Let us delve into a two-part series that looks into what long term abuse can do: psychologists have an overview on this:

Serious, long-term domestic abuse can result in a mental disorder called Battered Woman syndrome.

With battered woman syndrome, a woman may develop a learned helplessness that causes her to believe she deserves the abuse and that she can’t get away from it. This is in many cases, why women don’t report their abuse to police or avoid telling friends and family what’s really going on.

Battered woman syndrome is serious, and it’s taken into account in homicide cases when women murder their abusive partners in developed countries.


Denial: The woman is unable to accept that she’s being abused, or she justifies it as “just being that once.”

Guilt: She believes she has caused the abuse.

Enlightenment: In this phase, she realizes that she didn’t deserve the abuse and acknowledges that her partner has an abusive personality.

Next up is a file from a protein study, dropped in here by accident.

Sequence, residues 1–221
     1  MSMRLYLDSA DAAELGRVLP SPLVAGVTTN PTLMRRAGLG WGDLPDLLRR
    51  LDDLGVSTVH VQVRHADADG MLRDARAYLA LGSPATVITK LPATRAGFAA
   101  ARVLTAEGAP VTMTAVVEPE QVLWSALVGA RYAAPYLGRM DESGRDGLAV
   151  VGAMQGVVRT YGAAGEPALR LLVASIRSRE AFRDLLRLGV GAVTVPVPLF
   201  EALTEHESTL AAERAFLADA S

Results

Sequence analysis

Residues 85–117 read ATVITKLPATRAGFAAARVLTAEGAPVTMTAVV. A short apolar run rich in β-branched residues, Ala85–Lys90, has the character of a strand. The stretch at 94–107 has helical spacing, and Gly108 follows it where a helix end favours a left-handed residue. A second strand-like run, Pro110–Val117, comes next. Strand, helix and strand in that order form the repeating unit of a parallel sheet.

Responsibility: She accepts that only the abuser holds responsibility. In many cases, this is when she’ll try to escape the relationship.

How does it develop?

Battered woman syndrome is caused by sustained and serious domestic abuse. Domestic abuse typically follows an extremely predictable cycle, as follows:

The abuser will win over the new partner, often moving quickly into a relationship with tactics like “love-bombing,” grand romantic gestures, and pressuring for commitment early.

The abuser will be emotionally or physically abusive. This often starts small, like a slap instead of a punch, or punching the wall next to their partner.

The abuser will feel guilty, swearing they’ll never do it again, and be overtly romantic to win their partner over.

There will be a temporary “honeymoon” period, where the abuser is on their best behavior, luring their partner into thinking that they’re safe and things really will be different.

Abuse occurs, starting the cycle all over again.

Check out the next post for part 2.